A clear cloud exit strategy is absolutly necessary when moving to the cloud. Ensuring both compliance and business continuity - and avoiding vendor lock-in - are the primary reasons.
Today, large companies can no longer do without the advantages of the cloud. The competitive pressure of digitalization requires migration to the cloud. At the same time, high regulatory demands are being placed on outsourcing - especially in critical industries. And using public cloud is outsourcing!
Placing oneself in the hands of the hyperscalers involves risks. You generally don't have to worry about security: Amazon, Microsft and Google do a lot to keep their offers safe. Compliance and vendor lock-in is a different matter: It is important to clarify which data and solutions end up with which cloud providers. For this purpose, a clear exit strategy is required in addition to the (multi-)cloud architecture and the cloud sourcing strategy. A high profile example is that of Dropbox leaving AWS in favour of hosting their workloads themselves.
In certain critical industries, a documented exit strategy is more than just a good idea, it is a regulatory requirement.
The banking sector is one of the most heavily regulated industries. The regulators also deal with the cloud use of companies. The European Banking Authority, for example, requires an exit strategy for outsourced critical or important functions in its EBA Guidelines on outsourcing arrangements under chapter 15. This includes the use of the public cloud.
The German financial supervisory authority BaFin also prescribes the development of an exit strategy in its banking supervisory requirements for IT.
4 aspects of vendor lock-in
Vendor lock-in means not being able to shift workloads from one vendor to another without too much hassle. That it brings great advantages to be able to do this shows the recent downtime at IBM.
Not being able to do so has different possible reasons:
Cost is a major factor in prohibiting migration from one vendor to another. The vendor might charge for exporting data. In addition to that costs will pile up for training staff, consultants and the lowered productivity. The larger the workload the larger the costs. A good example to look at is Netflix: The streaming service is all in on AWS and won't be able to change that - at least not with reasonable costs.
Contracts can play a big role in vendor lock-in. Some cloud service providers make it hard to decide for a migration to an alternative vendor by implementing a continuously upward pricing model that aims at drawing their customers deeper and deeper into a factual lock-in. At some point a partial exit may no longer be economical and a complete and difficult withdrawl from the whole contract the only option.
Skills play a big role in migrating and operating workloads. Cloud architects, DevOps teams and security experts are specialized and it takes time and money to shift that knowledge to newly adopted cloud platforms. That can be a major hurdle when considering leaving a vendor for another. Going multi cloud from the start provides companies with a larger talent pool and that takes the trouble out of transitioning a little bit.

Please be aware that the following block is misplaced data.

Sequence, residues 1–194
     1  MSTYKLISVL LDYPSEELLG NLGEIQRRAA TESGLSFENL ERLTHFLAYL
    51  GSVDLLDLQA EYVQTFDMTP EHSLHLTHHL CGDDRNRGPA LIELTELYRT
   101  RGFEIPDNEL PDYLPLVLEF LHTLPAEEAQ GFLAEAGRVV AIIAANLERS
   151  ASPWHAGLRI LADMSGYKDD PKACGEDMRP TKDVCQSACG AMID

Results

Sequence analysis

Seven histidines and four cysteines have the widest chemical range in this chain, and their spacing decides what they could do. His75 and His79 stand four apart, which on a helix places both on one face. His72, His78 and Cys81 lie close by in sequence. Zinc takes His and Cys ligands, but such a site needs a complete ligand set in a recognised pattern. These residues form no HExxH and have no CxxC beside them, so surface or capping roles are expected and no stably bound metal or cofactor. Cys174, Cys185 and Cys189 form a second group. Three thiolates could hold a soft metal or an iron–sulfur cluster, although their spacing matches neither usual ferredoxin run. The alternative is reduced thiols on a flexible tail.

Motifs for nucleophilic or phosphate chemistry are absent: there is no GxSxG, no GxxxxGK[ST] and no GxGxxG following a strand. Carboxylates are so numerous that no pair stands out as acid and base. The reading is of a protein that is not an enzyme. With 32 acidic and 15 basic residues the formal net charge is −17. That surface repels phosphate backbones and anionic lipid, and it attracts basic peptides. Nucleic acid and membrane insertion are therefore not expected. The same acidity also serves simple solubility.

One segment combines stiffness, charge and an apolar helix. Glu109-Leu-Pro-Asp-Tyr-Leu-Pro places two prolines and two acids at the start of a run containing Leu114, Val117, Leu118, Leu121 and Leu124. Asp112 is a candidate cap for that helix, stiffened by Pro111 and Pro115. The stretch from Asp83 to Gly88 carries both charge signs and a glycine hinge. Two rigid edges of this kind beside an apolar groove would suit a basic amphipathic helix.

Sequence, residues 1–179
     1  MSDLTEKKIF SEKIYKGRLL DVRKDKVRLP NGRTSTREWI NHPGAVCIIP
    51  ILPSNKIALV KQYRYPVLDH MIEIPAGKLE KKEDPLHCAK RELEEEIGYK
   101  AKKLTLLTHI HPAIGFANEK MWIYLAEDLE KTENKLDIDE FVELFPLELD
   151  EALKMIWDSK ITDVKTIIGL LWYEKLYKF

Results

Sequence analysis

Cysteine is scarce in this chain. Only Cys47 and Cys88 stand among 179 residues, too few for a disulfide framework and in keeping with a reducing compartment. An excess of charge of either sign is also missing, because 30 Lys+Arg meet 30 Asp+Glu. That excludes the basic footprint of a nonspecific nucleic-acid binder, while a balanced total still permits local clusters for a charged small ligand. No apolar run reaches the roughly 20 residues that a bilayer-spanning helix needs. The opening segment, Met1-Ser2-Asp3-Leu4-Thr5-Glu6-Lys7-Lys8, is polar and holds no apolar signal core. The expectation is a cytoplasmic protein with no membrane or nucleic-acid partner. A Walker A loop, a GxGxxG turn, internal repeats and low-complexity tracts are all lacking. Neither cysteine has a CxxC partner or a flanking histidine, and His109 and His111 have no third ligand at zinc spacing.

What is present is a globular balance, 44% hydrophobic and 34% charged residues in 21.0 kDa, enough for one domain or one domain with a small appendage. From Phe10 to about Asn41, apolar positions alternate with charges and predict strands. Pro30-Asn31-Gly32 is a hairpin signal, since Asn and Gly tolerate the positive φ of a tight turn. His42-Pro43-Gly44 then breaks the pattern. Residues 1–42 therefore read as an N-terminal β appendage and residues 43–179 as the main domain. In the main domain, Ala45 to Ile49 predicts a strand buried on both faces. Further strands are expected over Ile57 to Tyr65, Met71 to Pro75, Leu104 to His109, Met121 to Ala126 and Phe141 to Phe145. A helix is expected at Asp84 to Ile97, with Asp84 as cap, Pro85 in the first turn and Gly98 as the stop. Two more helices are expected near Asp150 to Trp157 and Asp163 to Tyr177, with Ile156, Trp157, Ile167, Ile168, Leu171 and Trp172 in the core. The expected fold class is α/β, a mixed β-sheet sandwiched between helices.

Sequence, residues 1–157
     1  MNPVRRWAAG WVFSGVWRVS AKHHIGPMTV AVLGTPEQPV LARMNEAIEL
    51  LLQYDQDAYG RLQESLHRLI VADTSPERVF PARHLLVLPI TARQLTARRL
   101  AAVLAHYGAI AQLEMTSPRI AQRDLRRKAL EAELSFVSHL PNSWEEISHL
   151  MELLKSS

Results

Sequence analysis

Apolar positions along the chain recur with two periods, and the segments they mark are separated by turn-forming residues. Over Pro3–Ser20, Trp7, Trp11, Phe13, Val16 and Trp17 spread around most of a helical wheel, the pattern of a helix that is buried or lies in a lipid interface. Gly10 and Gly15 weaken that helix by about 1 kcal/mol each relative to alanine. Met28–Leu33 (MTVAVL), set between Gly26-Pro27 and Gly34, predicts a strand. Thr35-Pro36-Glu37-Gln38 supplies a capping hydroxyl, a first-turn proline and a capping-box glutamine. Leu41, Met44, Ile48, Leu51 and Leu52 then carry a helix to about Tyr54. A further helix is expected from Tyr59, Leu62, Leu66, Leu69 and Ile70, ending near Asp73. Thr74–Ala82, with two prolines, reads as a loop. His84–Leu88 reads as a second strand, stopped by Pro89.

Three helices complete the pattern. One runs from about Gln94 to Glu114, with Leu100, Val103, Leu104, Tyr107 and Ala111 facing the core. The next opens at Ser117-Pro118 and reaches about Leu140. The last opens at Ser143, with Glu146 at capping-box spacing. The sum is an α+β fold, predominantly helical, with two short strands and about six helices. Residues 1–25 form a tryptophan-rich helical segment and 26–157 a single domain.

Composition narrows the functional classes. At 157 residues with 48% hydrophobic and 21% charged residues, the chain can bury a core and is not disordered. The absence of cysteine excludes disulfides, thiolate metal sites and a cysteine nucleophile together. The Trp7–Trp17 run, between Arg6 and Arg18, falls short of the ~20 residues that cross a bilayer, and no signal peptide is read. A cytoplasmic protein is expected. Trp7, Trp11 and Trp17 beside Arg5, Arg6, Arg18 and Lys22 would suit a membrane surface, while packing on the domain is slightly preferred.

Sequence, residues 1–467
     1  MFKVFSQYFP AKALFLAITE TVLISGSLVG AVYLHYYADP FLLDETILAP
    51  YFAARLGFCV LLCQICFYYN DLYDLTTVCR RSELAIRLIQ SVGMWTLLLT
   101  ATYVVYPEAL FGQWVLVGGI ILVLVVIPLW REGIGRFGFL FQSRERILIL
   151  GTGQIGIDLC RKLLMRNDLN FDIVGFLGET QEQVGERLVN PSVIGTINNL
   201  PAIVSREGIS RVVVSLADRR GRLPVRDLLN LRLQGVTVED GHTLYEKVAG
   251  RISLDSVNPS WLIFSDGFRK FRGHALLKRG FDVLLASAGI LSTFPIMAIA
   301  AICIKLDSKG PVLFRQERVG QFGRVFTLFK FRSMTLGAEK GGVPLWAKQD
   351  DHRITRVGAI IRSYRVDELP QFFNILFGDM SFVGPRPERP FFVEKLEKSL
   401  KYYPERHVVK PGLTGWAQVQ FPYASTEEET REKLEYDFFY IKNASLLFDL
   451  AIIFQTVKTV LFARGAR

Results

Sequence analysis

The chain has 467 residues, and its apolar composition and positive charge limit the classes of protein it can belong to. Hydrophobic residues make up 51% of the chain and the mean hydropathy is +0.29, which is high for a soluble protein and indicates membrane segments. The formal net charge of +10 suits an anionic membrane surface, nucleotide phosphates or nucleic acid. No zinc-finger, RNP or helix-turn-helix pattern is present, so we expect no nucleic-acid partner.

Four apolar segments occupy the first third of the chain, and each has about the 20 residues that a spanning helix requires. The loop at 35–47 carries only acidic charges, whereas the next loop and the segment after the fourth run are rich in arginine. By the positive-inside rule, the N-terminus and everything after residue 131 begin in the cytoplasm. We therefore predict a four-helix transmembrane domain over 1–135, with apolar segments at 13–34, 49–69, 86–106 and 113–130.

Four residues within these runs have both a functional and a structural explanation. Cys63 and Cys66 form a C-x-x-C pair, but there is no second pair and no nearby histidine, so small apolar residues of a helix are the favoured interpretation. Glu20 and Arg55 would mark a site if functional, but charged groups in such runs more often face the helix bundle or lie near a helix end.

Technology causes vendor lock-in as well - at least when it comes to proprietary technology vendors use to differentiate. On the one hand that's great and can offer a competitive edge. On the other hand it can get companies locked in on this technology and hinder the adoption of the next big thing in cloud technologies.
The 4 key aspects to every cloud exit strategy
So here are 4 aspects you will have to have an eye on when building your cloud exit strategy:
- Most importantly: Take inventory! Knowing your assets is essential. Exit strategies often apply to critical business functions only. So it’s important to know what you have running in which cloud – an up to date cloud inventory is of great help.
- Open-source infrastructure is key. Open-source infrastructure components like Kubernetes or OpenShift clusters or open-source databases can make a move between clouds much easier. The more proprietary services you use, the harder it will be to adapt your application to running in a new cloud environment.
- Go multi-cloud from the beginning. Contract negotiations between enterprises and cloud providers can take a while. It’s too late to start the process, when it’s actually time to move
- Watch out for organizational lock-in. Even if from a technical perspective your application can easily be moved to a different cloud provider, there’s more to it. If you are running cloud applications at scale, setting up the corresponding cloud environments transferring permissions and configurations comes with massive complexity. Use a centralized governance system like mehscloud to keep your organizational structures independent from specific providers.